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The House on Mango Street by Sandra Cisneros

The House on Mango Street (original 1984; edition 1991)

by Sandra Cisneros

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5,907145707 (3.64)141
Title:The House on Mango Street
Authors:Sandra Cisneros
Info:Vintage (1991), Paperback, 110 pages
Collections:Your library
Tags:Fiction, literature, contemporary fiction, Cuban immigrant experience

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The House on Mango Street by Sandra Cisneros (1984)



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English (142)  Spanish (1)  All languages (143)
Showing 1-5 of 142 (next | show all)
Narrated by author. A series of recollections of Esperanza Cordero about her neighbors, friends and Mango Street where she lives. Could be read by middle schoolers and mature older elementary. Recollections are basically those of a child. Recalls her Aunt Lupe who is dying of a disease, the mature Sally who attracts boys attentions even as she's suppressed by her father at home, Esperanza's wish for a real house, her playmates and sister Nemy.
  Salsabrarian | Feb 2, 2016 |
This was an interesting look at LatinoAmerican life through the eyes of a child. ( )
  Jen.ODriscoll.Lemon | Jan 23, 2016 |
This was an interesting look at LatinoAmerican life through the eyes of a child. ( )
  Jen.ODriscoll.Lemon | Jan 23, 2016 |
Esperanza's family has lived in 3 different places that she can remember before the House on Mango Street. For every time her mother has another child the family needs a larger living space and they move.

Although, her parents dream of winning the lottery & buying the house of their dreams, they will never realize their dream.

The book is made up of 46 short stories about life in the House on Mango Street: we meet Esperanza's family, neighbors & neighbors' families/relatives. She describes life in a typical Chicago Latino Barrio/neighborhood.

The stories are well written and maintain a true to life voice. I am happy to have the opportunity to re-read this book. ( )
  Auntie-Nanuuq | Jan 18, 2016 |
The House on Mango Street contains 44 short vignettes narrated by a young girl named Esperanza Cordero, who just moved with her family to Mango Street in the Chicago barrio. She hates the house because it is not a "real" house, like the one she sees on TV. Esperanza soon realizes that she does not belong to the race or class of people who live in the type of house she sees on TV. In the vignettes Esperanza attempts to let us experience some of the poverty, sexism and racism she sees on a daily basis. The book also talks about the importance of education among women in order to succeed in life and have an equal say in a society dominated by men. The House on Mango Street is full of characters that lack power and their struggle to move forward and make the best possible life for themselves.

I think this book also had some problems, especially with the portrayal of men characters. Almost every male character in the book seemed to be an abuser or a collaborator of the abusers. There are lots of bad men in the world but I wish the author had included some good ones as a counterpoint to the abusive fathers and rapists she has portrayed in her book. I also thought the book was loosely organized and very difficult to follow. The writing style was confusing, providing no room for an interesting analysis on the issues she was trying to highlight.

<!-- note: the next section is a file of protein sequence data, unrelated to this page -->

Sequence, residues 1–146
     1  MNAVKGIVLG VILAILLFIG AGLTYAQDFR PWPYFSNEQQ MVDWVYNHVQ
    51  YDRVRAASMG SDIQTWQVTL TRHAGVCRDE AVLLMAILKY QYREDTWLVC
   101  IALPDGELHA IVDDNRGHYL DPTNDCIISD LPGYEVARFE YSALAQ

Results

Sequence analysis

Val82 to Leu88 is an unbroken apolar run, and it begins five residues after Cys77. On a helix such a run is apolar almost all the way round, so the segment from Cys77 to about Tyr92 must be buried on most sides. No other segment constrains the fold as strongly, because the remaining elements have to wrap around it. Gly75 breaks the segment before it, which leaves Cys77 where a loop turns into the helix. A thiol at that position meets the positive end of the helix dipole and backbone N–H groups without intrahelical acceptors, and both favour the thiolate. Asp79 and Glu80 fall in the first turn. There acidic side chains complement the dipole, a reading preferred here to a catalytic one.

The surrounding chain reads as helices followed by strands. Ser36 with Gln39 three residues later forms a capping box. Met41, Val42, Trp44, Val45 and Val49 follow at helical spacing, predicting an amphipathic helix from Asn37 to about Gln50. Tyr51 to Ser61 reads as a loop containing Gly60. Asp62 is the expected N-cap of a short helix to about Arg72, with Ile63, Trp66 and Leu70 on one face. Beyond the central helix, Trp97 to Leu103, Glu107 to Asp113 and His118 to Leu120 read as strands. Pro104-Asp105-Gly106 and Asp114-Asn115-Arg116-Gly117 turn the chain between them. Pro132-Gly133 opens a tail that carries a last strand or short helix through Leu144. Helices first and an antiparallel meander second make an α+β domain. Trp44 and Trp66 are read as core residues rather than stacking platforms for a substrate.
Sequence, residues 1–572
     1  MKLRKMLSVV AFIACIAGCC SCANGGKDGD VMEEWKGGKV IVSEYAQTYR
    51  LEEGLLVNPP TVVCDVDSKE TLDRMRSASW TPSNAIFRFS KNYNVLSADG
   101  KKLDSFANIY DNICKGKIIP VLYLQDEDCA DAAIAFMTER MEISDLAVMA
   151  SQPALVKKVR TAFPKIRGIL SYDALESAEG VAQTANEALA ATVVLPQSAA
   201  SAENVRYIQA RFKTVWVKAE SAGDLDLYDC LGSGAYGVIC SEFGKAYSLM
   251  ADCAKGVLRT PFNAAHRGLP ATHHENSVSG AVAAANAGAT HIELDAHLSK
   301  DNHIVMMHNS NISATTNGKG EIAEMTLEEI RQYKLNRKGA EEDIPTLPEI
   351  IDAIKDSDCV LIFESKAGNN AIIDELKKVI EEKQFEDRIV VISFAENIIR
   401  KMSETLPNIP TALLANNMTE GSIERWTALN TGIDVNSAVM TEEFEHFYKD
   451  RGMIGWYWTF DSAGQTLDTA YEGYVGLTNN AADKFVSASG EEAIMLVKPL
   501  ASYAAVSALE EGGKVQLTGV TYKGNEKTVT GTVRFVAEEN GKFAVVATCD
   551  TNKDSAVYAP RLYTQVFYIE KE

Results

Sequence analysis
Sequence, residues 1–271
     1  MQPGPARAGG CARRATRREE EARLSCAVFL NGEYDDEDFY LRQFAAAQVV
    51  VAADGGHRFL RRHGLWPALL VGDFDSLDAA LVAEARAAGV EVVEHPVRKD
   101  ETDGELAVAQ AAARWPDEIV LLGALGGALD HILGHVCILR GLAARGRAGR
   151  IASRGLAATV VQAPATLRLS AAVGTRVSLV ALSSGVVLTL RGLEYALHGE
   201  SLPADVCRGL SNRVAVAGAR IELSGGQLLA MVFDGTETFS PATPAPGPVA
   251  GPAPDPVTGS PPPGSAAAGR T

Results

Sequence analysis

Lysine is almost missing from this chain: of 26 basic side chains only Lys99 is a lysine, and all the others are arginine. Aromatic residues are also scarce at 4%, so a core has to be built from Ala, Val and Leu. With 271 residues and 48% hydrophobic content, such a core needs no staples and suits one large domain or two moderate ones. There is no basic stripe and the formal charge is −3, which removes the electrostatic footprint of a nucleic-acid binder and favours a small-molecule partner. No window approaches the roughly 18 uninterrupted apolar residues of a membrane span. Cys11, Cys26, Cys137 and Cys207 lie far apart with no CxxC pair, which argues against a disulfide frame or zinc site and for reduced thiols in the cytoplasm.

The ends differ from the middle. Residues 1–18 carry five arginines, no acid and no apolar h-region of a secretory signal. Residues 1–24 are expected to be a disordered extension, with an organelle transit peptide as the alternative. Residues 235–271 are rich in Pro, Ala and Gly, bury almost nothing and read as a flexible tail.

( )
  Olivermagnus | Jan 17, 2016 |
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A las Mujeres
(To the Women)
First words
We didn't alway live on Mango Street.
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References to this work on external resources.

Wikipedia in English (3)

Book description
[R.L. 4.5]
Told in a series of vibrant vignettes, this is the story of Esperanza Cordera, a girl growing up in the Hispanic quarter of Chicago, in a neighborhood that is neither pretty nor easy. Sometimes heartbreaking, sometimes joyous, this is a moving story of a young girl attempting to rise above the hopelessness around her.
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Amazon.com Product Description (ISBN 0679734775, Paperback)

Acclaimed by critics, beloved by readers of all ages, taught everywhere from inner-city grade schools to universities across the country, and translated all over the world, The House on Mango Street is the remarkable story of Esperanza Cordero.

Told in a series of vignettes – sometimes heartbreaking, sometimes deeply joyous – it is the story of a young Latina girl growing up in Chicago, inventing for herself who and what she will become. Few other books in our time have touched so many readers.

(retrieved from Amazon Thu, 12 Mar 2015 18:25:08 -0400)

(see all 8 descriptions)

For Esperanza, a young girl growing up in the Hispanic quarter of Chicago, life is an endless landscape of concrete and run-down tenements, and she tries to rise above the hopelessness.

(summary from another edition)

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